Or we finally switch to IPv6
where we don't need ugly hacks like SNI.
Over the weekend, at the IETF Hackathon in Montreal, Canada, software engineers from Apple, Cloudflare, Fastly and Mozilla made some progress toward closing a privacy gap affecting network communications. The programmers built an preliminary implementation of a privacy-oriented draft protocol called Encrypted Server Name …
That would be ideal, since IPv6 handles multiple IPs per host very gracefully. Unfortunately even if everyone dual-stacked their servers tomorrow IPv4 would still be with us a long time. Many organizations that have very large v4 allocations haven't even started deploying IPv6, because address exhaustion isn't a pain point for them yet. (The university I work for, which has an entire class B for their wired network, is in this category. I think they should deploy IPv6 anyway, but it's not my call.)
I doubt it. For starters a typical IPv6 delegated prefix is a /56. There are about 72 quadrillion of these, so it would take us a while to get through them.
A /56 is a pretty decent amount of address space, so a typical home or small business customer isn't going to care about buying anything bigger. In fact IPv6 mostly makes the whole concept of a netmask automatic and invisible to end users. (Besides, what's this idea of ISPs needing "selling points" other than "we're the ISP that serves your address, you'll take what we give you"?)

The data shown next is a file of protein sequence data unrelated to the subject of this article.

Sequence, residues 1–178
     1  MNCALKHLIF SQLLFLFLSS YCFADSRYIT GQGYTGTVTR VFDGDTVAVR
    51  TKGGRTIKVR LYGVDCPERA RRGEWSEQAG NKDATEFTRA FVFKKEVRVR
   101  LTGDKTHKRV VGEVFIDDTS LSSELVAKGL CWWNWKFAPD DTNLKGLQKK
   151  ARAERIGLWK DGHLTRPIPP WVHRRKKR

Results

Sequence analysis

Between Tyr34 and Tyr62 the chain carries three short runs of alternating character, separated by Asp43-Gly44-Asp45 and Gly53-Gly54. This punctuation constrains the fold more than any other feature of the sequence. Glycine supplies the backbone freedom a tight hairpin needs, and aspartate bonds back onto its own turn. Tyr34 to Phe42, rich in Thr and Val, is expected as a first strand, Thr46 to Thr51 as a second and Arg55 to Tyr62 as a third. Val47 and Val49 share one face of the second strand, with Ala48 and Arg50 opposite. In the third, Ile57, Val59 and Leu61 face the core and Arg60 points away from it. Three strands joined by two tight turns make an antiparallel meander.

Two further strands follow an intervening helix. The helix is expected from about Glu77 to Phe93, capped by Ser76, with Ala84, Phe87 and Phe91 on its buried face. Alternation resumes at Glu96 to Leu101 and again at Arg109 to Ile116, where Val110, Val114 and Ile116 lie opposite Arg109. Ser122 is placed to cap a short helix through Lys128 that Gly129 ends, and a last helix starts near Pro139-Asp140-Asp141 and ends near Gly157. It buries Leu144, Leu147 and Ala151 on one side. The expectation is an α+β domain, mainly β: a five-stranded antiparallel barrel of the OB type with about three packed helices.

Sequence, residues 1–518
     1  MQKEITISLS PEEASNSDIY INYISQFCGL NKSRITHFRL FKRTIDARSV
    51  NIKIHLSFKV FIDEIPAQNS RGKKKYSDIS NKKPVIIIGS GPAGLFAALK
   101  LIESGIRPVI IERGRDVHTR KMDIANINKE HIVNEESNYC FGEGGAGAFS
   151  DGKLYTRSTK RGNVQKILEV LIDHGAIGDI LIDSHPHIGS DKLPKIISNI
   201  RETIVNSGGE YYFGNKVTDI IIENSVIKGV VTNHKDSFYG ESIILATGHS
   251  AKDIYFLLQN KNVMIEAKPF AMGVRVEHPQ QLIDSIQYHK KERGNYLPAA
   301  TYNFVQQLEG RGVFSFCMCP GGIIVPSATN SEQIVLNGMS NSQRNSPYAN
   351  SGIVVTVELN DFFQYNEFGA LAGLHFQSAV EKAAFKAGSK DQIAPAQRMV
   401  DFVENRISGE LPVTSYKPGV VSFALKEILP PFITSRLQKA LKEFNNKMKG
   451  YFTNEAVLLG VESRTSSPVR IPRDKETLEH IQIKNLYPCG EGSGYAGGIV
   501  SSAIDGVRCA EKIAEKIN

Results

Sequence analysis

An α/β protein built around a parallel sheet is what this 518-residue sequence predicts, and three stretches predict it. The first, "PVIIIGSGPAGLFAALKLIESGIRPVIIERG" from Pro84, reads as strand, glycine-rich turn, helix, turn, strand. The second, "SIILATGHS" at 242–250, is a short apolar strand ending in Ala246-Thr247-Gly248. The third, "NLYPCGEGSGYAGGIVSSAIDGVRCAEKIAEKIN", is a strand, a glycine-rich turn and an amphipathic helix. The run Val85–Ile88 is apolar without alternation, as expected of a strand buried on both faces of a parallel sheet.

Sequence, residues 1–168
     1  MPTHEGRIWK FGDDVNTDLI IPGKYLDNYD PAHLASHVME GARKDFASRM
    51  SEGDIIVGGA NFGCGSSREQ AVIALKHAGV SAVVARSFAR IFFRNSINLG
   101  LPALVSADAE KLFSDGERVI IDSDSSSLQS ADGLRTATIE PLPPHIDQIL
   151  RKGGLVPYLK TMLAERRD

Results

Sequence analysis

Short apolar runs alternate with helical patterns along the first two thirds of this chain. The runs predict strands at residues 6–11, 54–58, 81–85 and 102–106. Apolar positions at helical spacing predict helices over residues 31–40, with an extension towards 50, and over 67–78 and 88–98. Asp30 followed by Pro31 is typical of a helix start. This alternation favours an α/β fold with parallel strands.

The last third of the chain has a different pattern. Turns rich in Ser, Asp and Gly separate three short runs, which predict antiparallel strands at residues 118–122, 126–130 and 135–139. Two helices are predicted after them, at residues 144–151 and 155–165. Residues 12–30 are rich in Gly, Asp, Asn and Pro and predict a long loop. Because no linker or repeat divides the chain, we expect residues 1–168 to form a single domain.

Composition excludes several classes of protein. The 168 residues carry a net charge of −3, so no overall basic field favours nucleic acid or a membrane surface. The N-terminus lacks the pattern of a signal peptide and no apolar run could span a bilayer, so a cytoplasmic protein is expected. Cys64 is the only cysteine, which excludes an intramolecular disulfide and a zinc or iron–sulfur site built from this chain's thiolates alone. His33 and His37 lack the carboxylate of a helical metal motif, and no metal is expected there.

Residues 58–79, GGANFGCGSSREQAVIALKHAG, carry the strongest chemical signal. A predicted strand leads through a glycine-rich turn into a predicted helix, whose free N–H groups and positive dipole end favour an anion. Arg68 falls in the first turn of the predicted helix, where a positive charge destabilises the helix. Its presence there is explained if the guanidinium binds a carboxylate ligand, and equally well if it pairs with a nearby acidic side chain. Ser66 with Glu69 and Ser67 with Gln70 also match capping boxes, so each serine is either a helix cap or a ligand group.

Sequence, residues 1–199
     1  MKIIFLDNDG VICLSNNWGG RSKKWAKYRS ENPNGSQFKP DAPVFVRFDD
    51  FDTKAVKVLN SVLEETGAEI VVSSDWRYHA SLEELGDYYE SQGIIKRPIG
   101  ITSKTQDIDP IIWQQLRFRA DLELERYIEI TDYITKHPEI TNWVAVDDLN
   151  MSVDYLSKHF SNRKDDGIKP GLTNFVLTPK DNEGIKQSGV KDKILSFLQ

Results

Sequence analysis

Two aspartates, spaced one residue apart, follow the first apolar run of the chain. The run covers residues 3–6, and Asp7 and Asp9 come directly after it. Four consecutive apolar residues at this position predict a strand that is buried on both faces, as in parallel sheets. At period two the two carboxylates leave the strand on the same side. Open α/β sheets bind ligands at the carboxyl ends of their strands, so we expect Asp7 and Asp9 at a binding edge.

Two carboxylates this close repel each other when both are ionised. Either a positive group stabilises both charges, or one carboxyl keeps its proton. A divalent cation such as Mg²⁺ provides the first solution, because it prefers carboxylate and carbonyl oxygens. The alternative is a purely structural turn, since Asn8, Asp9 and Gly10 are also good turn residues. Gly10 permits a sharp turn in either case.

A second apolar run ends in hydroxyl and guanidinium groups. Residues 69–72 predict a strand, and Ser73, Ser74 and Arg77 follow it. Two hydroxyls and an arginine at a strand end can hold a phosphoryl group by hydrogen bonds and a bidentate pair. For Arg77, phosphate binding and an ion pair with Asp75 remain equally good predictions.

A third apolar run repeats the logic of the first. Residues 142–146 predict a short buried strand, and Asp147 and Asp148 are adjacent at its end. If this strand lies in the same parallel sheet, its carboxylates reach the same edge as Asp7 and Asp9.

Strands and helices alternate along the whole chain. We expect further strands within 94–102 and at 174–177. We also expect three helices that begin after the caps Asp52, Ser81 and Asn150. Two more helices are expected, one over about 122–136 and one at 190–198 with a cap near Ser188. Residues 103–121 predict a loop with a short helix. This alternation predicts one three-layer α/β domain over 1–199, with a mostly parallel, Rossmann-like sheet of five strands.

After further thought, I think you are right and SNI isn't necessary over IPv6 -- but it may not be for the reason you might think.
With IPv6 and every device having its own globally unique address, snooping on the packet for SNI would be pointless because the unique IPV6 address would have already given away any of the information you would have otherwise gained by snooping on the host header.
Congratulations, you just gave me another reason to dislike IPv6, and I didn't realize that was possible.
The fact IPv6 doesn't have IP address restrictions make you hate it more?
There's absolutely no reason why you can't share IP6 addresses amongst many different hosts, but you know that.
In fact, it was only because of the lack of IP4 addresses that SNI became a thing, but you know that too.
Anyway, SNI is getting a bit of an unfair rap here, as before SNI, the requirement for unique IPv4 addresses (combined with port if you want to be pedantic) meant that you could tell a virtual server just by looking at the IP address.. SNI having the host in the clear therefore didn't compromise on any of the security at the time.
You certainly *can* pile lots of sites onto one IPv6 address and use a hack like SNI. You just don't necessarily have to. People who run privacy-conscious services will probably want to stick with an SNI-like scheme, and most other people probably will out of force of habit. (One address per server is pretty ingrained now, and it's so convenient for administration to just point a bunch of CNAME records at one A record.)